Until recently i still had a couple of reels hanging around. I found it easier to load the film by hand than with the "fancy tool" one could use.

    I understand that it really messed up the commerical labs equipment due to the thin base.

    I don't think i would go back to using that length of film.
     
  23. Jon Butler

    Jon Butler Subscriber

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    When using a 35mm camera I find the 39 frames that I get with a Leica M
    are sometimes to-many for me.

    JON.
     
  24. fschifano

    fschifano Member

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    Same here. I'm pretty careful about making exposures and don't fire away like mad when the opportunity arises. Usally, I'll watch the subject for a while and decide how best to approach it. Then it's two or three frames and done. The one thing I hate is having film left in the camera at the end of the day. Oh yeah, how do you fit all that film on one developing reel? Maybe one could find an appropriate reel, but I've never seen one, even on Ebay. I doubt that any are being made new.
     
  25. Fotohuis

    Fotohuis Member

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  26. AgX

    AgX Member

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    From the 3rd or 4th film on I was processing I resorted to bulkloading; just by hand, no loader, just feeling for the film to reach the flanges of the film. Thus I got 42 images, something I could still process in a Jobo tank and store in a sheet with sleeves (with images partially protruding out of the sleeves at the left hand side. I could cope with those few images off the frame counter of my AE-1.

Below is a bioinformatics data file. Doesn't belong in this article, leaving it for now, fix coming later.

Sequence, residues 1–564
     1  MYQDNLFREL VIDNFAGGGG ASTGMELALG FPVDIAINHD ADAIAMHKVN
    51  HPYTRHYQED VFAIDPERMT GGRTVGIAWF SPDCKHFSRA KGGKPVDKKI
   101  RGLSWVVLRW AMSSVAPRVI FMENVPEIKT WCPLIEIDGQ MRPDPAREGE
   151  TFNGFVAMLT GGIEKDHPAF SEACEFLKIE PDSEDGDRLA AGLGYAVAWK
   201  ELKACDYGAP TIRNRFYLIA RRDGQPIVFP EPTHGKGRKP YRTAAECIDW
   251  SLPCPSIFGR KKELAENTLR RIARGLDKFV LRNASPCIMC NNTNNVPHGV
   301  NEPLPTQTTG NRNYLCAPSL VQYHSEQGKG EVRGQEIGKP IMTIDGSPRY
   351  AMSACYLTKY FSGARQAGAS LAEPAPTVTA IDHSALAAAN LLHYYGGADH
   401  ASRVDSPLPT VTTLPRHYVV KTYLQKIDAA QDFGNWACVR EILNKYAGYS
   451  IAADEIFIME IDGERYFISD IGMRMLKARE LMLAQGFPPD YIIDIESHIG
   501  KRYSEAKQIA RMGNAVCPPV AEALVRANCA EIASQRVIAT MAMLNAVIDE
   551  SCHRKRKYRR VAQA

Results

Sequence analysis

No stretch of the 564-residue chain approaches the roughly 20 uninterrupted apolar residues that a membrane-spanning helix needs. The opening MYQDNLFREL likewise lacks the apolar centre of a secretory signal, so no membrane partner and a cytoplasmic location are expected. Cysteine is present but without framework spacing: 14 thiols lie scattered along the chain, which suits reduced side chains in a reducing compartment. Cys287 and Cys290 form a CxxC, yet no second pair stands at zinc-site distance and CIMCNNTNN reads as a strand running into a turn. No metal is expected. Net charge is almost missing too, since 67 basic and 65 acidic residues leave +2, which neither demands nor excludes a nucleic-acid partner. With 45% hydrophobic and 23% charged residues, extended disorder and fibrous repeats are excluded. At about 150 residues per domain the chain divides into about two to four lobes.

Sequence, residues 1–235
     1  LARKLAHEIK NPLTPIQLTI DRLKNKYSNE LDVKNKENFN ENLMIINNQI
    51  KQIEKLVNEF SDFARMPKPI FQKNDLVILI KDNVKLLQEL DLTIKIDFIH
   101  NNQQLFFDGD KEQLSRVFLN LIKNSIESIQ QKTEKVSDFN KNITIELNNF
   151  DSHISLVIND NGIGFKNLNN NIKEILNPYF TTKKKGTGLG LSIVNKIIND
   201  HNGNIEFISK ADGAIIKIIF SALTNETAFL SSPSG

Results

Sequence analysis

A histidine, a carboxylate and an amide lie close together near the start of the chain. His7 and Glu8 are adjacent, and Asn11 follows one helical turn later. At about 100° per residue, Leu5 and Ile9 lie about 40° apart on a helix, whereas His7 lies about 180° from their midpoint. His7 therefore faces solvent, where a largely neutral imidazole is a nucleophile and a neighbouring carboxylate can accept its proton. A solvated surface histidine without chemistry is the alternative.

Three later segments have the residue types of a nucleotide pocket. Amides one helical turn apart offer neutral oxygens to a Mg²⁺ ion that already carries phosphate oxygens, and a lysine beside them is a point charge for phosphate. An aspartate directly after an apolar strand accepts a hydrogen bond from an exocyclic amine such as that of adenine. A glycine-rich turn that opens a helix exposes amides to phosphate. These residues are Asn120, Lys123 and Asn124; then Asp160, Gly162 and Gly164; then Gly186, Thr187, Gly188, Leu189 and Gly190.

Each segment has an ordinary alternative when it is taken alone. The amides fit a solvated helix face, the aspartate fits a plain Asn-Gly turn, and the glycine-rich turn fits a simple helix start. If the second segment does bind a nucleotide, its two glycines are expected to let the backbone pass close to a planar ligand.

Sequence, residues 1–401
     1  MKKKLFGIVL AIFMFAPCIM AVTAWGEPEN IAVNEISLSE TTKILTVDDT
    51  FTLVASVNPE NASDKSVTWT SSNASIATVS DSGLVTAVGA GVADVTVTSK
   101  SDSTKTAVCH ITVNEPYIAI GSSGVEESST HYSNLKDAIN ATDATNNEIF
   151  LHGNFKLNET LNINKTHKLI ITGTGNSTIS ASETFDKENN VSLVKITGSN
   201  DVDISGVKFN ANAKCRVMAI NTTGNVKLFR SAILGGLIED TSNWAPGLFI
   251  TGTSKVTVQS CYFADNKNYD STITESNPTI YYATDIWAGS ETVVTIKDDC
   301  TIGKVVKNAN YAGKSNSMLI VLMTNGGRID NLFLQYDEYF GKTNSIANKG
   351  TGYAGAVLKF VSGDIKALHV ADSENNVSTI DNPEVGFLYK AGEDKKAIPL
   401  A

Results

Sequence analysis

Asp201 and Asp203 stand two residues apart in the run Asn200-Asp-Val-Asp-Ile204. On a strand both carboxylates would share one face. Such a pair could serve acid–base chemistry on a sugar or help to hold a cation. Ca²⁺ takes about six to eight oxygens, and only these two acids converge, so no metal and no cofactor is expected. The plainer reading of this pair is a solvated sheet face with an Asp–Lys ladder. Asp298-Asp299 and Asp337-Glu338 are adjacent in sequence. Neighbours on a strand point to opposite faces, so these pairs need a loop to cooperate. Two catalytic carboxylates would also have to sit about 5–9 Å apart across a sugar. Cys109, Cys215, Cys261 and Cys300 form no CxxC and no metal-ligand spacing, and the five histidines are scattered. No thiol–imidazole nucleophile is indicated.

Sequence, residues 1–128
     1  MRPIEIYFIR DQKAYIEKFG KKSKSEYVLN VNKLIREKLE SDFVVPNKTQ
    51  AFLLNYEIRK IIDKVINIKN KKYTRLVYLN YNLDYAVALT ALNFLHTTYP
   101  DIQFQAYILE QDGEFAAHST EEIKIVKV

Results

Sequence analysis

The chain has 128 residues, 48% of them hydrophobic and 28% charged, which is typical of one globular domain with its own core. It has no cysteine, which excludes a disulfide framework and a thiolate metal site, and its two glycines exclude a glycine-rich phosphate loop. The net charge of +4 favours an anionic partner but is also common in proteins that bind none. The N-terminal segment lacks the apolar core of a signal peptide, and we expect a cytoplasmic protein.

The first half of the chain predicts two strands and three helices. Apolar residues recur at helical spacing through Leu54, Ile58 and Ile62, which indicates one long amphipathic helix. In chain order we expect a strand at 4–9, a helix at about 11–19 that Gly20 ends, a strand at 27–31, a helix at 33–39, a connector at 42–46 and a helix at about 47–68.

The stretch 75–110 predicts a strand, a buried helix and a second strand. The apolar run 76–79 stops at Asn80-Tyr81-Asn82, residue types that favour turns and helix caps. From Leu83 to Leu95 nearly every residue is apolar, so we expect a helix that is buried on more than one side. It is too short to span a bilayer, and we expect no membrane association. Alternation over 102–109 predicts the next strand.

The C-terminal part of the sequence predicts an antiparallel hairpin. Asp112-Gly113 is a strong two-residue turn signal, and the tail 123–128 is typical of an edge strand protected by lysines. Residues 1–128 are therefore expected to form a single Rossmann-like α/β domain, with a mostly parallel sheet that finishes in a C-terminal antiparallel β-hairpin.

At the moment I’m constantly changing between half-exposed films, in order to use different film types whenever necessary. Thus the changing procedure itself is not a problem to me.

    However the chance in certain cases to use twice as long films could be nice.
    Though, the need to insert `neutral´ exposures inbetween or alternatively allow for the spoiling of one image just for cutting the film for processing would spoil the advantage of such a film in most cases. But I learned just from this thread that a special tank would most probably offered in that case, so this would not be a problem.

    But still there is a problem, the counter. Just 6 images off the counter limit is something different than 36 images off. Not knowing how many exposures are being left would also reduces the advantage of such a film in many cases.

    The final, but crucial issue, in my case, is that my somewhat more modern Canon will automatically respool after 36 exposures. Perhaps, this could be overcome by a modification. In this case I would be interested `somewhat´. As there still would be the counter issue. Furthermore I am trying to keep the number of film types as small as possible for logistics reasons. If that film would be offered bulk one could decide how much standard and how much long spools one would make would .

    Interested, but very limited…